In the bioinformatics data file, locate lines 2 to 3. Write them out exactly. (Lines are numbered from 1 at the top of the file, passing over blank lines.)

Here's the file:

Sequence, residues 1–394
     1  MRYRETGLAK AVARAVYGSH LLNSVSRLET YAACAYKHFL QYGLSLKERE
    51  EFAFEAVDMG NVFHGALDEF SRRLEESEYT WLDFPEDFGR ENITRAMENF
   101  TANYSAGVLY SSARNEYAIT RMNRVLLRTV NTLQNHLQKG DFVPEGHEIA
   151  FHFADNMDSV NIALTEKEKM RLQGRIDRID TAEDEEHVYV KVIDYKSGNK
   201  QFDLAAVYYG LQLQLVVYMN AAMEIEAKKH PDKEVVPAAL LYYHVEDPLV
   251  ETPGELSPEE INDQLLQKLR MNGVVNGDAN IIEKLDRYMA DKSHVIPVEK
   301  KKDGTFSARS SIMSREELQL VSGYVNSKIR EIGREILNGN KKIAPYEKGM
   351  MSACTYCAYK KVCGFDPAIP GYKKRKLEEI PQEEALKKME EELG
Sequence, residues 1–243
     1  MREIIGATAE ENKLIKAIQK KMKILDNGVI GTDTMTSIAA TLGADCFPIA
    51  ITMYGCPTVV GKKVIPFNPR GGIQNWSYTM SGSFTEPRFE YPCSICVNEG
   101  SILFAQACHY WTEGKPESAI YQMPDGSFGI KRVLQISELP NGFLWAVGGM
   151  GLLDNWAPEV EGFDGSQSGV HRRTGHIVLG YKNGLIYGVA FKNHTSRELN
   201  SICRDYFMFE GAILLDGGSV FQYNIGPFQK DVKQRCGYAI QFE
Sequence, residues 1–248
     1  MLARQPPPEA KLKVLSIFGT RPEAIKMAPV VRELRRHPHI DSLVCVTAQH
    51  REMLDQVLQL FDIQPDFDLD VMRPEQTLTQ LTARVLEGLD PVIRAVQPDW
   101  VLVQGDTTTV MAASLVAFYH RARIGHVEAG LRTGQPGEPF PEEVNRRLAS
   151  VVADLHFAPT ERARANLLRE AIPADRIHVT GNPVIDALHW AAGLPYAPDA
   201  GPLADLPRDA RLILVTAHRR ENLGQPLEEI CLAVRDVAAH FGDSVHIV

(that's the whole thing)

     1  MRYRETGLAK AVARAVYGSH LLNSVSRLET YAACAYKHFL QYGLSLKERE
    51  EFAFEAVDMG NVFHGALDEF SRRLEESEYT WLDFPEDFGR ENITRAMENF